Program for Method Of False Position


Given a function f(x) on floating number x and two numbers ‘a’ and ‘b’ such that f(a)*f(b) < 0 and f(x) is continuous in [a, b]. Here f(x) represents algebraic or transcendental equation. Find root of function in interval [a, b] (Or find a value of x such that f(x) is 0).

Input: A function of x, for example x3 – x2 + 2.     
       And two values: a = -200 and b = 300 such that
       f(a)*f(b) < 0, i.e., f(a) and f(b) have
       opposite signs.
Output: The value of root is : -1.00
        OR any other value close to root.

We strongly recommend to refer below post as a prerequisite of this post.
Solution of Algebraic and Transcendental Equations | Set 1 (The Bisection Method)

In this post The Method Of False Position is discussed. This method is also known as Regula Falsi or The Method of Chords.

Similarities with Bisection Method:

  1. Same Assumptions: This method also assumes that function is continuous in [a, b] and given two numbers ‘a’ and ‘b’ are such that f(a) * f(b) < 0.
  2. Always Converges: like Bisection, it always converges, usually considerably faster than Bisection–but sometimes very much more slowly than Bisection.

Differences with Bisection Method:
It differs in the fact that we make a chord joining the two points [a, f(a)] and [b, f(b)]. We consider the point at which the chord touches the x axis and named it as c.


  1. Write equation of the line connecting the two points.

    y – f(a) =  ( (f(b)-f(a))/(b-a) )*(x-a)
    Now we have to find the point which touches x axis. 
    For that we put y = 0.
    so x = a - (f(a)/(f(b)-f(a))) * (b-a)
       x = (a*f(b) - b*f(a)) / (f(b)-f(a)) 
    This will be our c that is c = x. 
  2. If f(c) == 0, then c is the root of the solution.
  3. Else f(c) != 0
    1. If value f(a)*f(c) < 0 then root lies between a and c. So we recur for a and c
    2. Else If f(b)*f(c) < 0 then root lies between b and c. So we recur b and c.
    3. Else given function doesn’t follow one of assumptions.

Since root may be a floating point number and may converge very slow in worst case, we iterate for a very large number of times such that the answer becomes closer to the root.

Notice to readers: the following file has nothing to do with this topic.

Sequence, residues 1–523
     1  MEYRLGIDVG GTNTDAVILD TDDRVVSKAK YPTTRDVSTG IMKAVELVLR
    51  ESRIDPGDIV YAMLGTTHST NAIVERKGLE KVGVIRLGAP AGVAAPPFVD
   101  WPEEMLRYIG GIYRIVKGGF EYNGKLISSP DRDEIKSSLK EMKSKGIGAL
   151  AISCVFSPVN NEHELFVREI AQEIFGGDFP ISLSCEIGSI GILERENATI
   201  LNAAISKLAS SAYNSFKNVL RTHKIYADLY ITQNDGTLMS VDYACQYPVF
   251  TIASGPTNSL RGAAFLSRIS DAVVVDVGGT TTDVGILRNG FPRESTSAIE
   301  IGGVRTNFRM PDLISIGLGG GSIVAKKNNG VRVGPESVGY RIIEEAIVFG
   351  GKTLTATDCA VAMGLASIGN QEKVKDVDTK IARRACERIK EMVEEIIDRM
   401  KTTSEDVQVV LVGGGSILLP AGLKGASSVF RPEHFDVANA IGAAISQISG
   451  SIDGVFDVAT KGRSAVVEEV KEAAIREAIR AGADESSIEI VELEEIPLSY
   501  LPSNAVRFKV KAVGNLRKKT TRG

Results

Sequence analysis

Below image is taken from Wiki Page

Following is C++ implementation.

// C++ program for implementation of Bisection Method for
// solving equations
using namespace std;
#define MAX_ITER 1000000

// An example function whose solution is determined using
// Bisection Method. The function is x^3 - x^2  + 2
double func(double x)
    return x*x*x - x*x + 2;

// Prints root of func(x) in interval [a, b]
void regulaFalsi(double a, double b)
    if (func(a) * func(b) >= 0)
        cout << "You have not assumed right a and b\n";

    double c = a;  // Initialize result

    for (int i=0; i < MAX_ITER; i++)
        // Find the point that touches x axis
        c = (a*func(b) - b*func(a))/ (func(b) - func(a));

        // Check if the above found point is root
        if (func(c)==0)

        // Decide the side to repeat the steps
        else if (func(c)*func(a) < 0)
            b = c;
            a = c;
    cout << "The value of root is : " << c;

// Driver program to test above function
int main()
    // Initial values assumed
    double a =-200, b = 300;
    regulaFalsi(a, b);
    return 0;


The value of root is : -1

This method always converges, usually considerably faster than Bisection. But worst case can be very slow.

We will soon be discussing other methods to solve algebraic and transcendental equations.

Introductory Methods of Numerical Analysis by S.S. Sastry

This article is contributed by Abhiraj Smit. Please write comments if you find anything incorrect, or you want to share more information about the topic discussed above

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